HARTFORD, Conn. (WTNH) — Before he heads to Europe to drum up business for the state at the Paris Air Show, the Governor has announced big changes he wants in the new state budget in order to get business already here to stay. But, are these the changes big business wants and are the Democrats in the legislature willing to make them?
After being hammered for more than a week over what’s been called an unfriendly to business budget, the Governor now says he wants some changes.
“I am proposing removing the tax from car washes and parking services,” he said.
Stopping the new car wash tax before it goes into effect is just one of the taxes on business that the Governor now says he wants to stop or change in a Special Legislative Session.
“I am proposing to repeal the increases in the data processing and world wide web service taxes and capping them at one-percent,” added Gov. Malloy.
Big Connecticut-based corporations like Aetna and Travelers use a lot of data, and this is one of the tax hikes they were objecting to. The legislature approved doubling it the first year and tripling it the second. Malloy is proposing to cap it right where it is.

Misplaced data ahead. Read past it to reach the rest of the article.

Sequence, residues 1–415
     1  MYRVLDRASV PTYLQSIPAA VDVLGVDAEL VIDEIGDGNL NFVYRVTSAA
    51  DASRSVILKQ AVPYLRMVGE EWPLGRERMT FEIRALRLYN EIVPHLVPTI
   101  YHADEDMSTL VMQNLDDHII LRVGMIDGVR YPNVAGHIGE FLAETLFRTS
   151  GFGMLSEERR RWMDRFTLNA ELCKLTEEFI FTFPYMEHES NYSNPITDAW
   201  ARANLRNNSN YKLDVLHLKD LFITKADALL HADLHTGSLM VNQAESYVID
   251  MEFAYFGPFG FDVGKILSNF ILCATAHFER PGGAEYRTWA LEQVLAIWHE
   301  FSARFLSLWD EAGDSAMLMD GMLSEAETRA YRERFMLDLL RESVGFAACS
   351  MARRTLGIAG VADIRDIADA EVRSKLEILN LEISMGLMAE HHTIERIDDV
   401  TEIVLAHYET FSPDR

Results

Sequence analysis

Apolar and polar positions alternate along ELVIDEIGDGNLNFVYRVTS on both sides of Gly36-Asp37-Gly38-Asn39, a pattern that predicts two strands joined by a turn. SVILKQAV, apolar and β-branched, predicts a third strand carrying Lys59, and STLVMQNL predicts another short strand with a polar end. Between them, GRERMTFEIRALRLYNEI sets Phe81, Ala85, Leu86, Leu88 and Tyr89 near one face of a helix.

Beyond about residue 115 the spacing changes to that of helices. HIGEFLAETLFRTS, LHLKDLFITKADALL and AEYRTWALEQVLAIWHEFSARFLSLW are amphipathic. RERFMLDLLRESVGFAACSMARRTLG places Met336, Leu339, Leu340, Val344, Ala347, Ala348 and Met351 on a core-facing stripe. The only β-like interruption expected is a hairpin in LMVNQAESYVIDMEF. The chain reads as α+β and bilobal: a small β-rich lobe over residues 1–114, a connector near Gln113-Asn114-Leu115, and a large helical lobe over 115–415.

The Governor is also calling for a delay of one year before imposing the so called “unitary or combined reporting tax.” It’s another tax the big companies hate because it would tax money they make outside of Connecticut for the first time.
“We’re pleased that the Governor put on the table, earlier today, some specific cuts and tax increase modifications that will help mitigate the damage from that budget,” said Joe Brennan of the CT Business & Industry Association.
Malloy is asking the legislature to cut a quarter of a billion dollars in spending, or give him the authority to do it himself in order to make up for the lost revenue. Speaker of the House Brendan Sharkey of Hamden seems reluctant to say that will happen, leaving the door open to doing something else.
“I think, he, like all of us, have listened to the business community and the concerns that they’ve raised, and this is the proposal he’s offering,” said Sharkey.
“I think the Governor’s finally sees the ‘Trojan Horse’ of a bad budget that really is harmful to Connecticut, it’s harmful to our middle class, and harmful to the business community,” said Deputy Republican Leader Kevin Witkos, a state Senator from Canton.
But the Democratic leadership and the Governor both say the budget is very good for the middle class and for business too because it should cut property taxes and begin the rebuild of the state transportation system.